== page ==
Please allow me to air my views concerning the above subject matter and may be in the process, assist my fellow Batswana on possible ways and means we can apply to save the former mining town of Selebi-Phikwe. First let me admit, as a practising entrepreneur, manager and technocrat, my primary job is to provide solutions to human challenges of various nature. And today, I shall humbly attempt to provide some economically viable solution options to Selebi-Phikwe industrialisation challenges. While looking for outside foreign investors to come set up businesses in Selebi-Phikwe on its own is a very noble idea, it is highly advisable for those responsible, especially government, to consider giving first priority chance to locals and companies already based and operating in Botswana. Some local companies can be lured to move to Selebi-Phikwe by approaching them and offering various incentives. There are many incentive packages that can be floated around to entice businesses to set up or relocate to Selebi-Phikwe. Some of these could be low rentals or rent free contracts for the first 12 months of relocation to Selebi-Phikwe, easy access to former BCL Mine residential houses, cheap electricity and water at half the cost of all other towns and regions, availability of cheap land for residential, commercial, agriculture and industrial purposes. Land should be made available as a priority to such investors without the usual cumbersome processes and lengthy procedures. Such investors must be exposed to the abundance of natural resources of Selebi-Phikwe area like water, river sand, clay soils, and that access to such natural resources shall be availed without any delays or too much unnecessary paper work and bureaucratic bottlenecks. Government can also offer tax incentives, fully covered cost of relocation for such businesses, including full cover for loss of business during the relocation exercise period. Availability of ready to occupy factory warehouses and fully serviced industrial areas with water, electricity, tarred roads, street names and lights are critical. It is a true fact; we have very high concentration of businesses in areas like Gaborone leading to acute shortage of land and the challenges of squatters in Mogoditshane, Tlokweng and other peri-urban centres. As a solution and to reduce congestion, government should carry out comprehensive study that will inform authorities as to which businesses could be approached and politely requested or given proposal to relocate to Selebi-Phikwe. Some businesses can be approached by the nature of their industrial activities like the brick and paving tile manufacturers, roof tile manufacturers, floor tile manufacturers, where the bulk of their raw material is river sand which is abundant in Selebi-Phikwe region, steel fabricators, manufacturers of chemicals & electric cables, second hand car dealers, scrap metals  and used oil collectors and processors.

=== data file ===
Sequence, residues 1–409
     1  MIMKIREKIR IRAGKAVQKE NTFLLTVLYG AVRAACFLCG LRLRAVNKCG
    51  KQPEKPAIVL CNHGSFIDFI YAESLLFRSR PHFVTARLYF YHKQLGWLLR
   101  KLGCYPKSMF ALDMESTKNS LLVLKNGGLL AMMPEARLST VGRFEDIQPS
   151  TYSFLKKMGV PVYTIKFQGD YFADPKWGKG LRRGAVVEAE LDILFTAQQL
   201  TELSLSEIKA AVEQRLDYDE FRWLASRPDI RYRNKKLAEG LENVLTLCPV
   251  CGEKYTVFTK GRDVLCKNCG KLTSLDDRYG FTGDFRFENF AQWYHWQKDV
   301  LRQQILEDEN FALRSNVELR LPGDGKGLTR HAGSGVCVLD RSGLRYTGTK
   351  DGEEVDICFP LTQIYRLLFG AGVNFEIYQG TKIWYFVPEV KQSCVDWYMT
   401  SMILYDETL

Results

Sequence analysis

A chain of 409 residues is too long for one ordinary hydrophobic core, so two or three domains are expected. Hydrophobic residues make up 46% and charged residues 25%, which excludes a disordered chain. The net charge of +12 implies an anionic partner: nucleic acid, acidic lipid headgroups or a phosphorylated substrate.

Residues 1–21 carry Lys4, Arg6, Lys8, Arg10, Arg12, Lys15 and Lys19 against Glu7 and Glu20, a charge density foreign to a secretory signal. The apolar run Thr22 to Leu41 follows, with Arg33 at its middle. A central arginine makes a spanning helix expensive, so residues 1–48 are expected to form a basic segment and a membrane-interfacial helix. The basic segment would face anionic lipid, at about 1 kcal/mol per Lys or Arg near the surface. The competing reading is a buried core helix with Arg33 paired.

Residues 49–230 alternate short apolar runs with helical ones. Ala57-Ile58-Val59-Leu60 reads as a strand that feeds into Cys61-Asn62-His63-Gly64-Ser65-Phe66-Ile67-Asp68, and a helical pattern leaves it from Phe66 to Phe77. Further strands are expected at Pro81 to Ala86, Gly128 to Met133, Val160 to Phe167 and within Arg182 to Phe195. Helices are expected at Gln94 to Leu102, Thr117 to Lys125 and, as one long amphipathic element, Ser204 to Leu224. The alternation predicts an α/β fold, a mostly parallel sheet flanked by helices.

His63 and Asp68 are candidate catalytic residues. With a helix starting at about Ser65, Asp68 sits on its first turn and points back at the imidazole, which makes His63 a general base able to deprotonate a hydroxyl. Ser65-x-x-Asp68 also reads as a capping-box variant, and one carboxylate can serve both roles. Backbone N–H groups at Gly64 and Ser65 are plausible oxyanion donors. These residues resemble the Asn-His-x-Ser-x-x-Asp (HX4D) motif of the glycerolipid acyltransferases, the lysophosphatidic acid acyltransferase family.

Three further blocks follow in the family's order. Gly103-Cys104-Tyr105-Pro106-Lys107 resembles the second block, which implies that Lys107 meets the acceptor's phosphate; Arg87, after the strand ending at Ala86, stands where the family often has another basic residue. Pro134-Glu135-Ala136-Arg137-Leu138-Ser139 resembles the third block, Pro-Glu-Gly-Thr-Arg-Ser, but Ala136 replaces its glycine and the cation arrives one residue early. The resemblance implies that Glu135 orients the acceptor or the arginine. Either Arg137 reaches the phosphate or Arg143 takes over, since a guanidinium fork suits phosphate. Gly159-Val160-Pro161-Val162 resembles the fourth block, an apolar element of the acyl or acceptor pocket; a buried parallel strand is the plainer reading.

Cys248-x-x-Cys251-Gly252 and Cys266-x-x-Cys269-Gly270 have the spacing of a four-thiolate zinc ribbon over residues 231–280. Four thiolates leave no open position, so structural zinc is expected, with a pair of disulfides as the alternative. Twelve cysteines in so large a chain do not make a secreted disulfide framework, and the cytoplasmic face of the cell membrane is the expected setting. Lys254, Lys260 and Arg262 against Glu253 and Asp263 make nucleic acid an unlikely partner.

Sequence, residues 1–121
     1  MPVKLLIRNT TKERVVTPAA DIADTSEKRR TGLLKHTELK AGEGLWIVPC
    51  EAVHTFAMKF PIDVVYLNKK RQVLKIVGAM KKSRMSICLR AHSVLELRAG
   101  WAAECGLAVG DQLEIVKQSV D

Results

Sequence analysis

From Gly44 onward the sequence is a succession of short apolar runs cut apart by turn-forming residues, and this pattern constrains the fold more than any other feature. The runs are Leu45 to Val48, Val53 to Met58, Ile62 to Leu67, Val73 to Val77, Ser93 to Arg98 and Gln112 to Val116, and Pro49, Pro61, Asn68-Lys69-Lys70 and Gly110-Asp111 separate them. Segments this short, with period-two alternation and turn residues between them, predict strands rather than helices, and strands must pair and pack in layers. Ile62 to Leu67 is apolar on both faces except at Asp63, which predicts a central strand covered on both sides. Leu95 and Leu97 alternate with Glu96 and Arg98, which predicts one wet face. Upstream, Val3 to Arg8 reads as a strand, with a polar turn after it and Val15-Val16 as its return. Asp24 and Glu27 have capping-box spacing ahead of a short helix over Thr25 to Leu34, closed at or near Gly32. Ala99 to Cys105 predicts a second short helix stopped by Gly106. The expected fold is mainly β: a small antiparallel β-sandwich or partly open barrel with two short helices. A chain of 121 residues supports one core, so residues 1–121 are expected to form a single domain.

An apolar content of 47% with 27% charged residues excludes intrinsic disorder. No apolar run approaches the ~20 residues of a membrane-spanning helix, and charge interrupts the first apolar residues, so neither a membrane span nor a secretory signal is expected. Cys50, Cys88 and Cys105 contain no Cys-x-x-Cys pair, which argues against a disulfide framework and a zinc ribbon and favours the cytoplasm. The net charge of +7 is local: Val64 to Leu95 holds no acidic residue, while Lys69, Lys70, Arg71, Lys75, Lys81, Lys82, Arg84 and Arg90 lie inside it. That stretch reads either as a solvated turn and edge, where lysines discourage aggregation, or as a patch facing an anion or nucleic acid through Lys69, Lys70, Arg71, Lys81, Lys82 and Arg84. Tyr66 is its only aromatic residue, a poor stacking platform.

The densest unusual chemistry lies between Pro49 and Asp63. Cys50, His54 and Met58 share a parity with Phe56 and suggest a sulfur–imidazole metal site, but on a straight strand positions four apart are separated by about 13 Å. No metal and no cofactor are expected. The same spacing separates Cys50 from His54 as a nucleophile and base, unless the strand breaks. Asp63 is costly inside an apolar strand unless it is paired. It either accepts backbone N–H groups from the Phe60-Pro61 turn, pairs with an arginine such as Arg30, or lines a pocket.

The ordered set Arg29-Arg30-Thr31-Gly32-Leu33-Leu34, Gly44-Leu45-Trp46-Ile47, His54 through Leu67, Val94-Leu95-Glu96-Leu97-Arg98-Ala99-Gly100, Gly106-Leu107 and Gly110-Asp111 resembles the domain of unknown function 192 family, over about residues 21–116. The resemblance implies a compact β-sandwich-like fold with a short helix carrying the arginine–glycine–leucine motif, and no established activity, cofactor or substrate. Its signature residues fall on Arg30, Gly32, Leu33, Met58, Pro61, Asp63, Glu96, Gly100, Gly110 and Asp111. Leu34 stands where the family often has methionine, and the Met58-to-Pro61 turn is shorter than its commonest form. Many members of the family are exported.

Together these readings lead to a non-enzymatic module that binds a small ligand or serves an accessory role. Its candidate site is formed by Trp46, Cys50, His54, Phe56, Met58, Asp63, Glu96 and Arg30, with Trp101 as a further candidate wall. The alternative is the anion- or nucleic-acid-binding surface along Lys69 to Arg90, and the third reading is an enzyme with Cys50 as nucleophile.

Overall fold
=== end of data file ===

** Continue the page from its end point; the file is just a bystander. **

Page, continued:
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All companies selected and approached should be allowed in turn to reciprocate with details of their expenses and the whole financial implications to the relocation exercise to Selebi-Phikwe. To determine and ascertain the economic viability of my suggestions, government should then consider and compare the total cost of relocating these companies and their incentives against the immediate short term and long term benefits of business expansions, more employment creation and resultant tax revenue, and the final industrialisation of Selebi-Phikwe.  Mind that I say government because established businesses and entrepreneurs won’t trust SPEDU which is a statutory body established for enticing businesses to Selebi-Phikwe and whose mandate is very limited. Entrepreneurs would need proposal letters from the Ministry of Industry and Trade on government of Botswana letterhead and official stamp which will give them enough confidence and long term assurances. No one will listen to SPEDU because local business people do not even know them. All they know is their big titles and nothing else. This operation should be under Industrial Affairs Department with no need of big titles. Once they have accomplished their mandate, SPEDU might be dissolved but the Ministry shall always be there to offer support to the relocated industries and to fulfil their long term promises.  Indeed there are many local companies willing to set base or to relocate to Selebi-Phikwe but no one has ever bothered to approach them. The simple fact that relocation is expensive makes such companies reluctant to do so unless government chips in with incentives and the necessary financial assistance. Such relocations may at times take months with loss of production and sales and no business can take such risks without any compensation assurances. It makes common sense that if government is serious with saving Selebi-Phikwe then a change of strategy is necessary. The exercise of Selebi-Phikwe industrialisation should not be seen to be targeting foreign investors only. If you have challenges, it is always wiser to look first for a solution in your house before consulting your neighbours and outsiders. And as Batswana, we have the solution to industrialise Selebi-Phikwe right here at home. We surely do not need to waste money sending delegations to far off countries like Israel, Japan, Taiwan, Italy and so forth. This money we so waste could be used to compensate local companies willing to relocate to Selebi-Phikwe, and its more than enough for the job.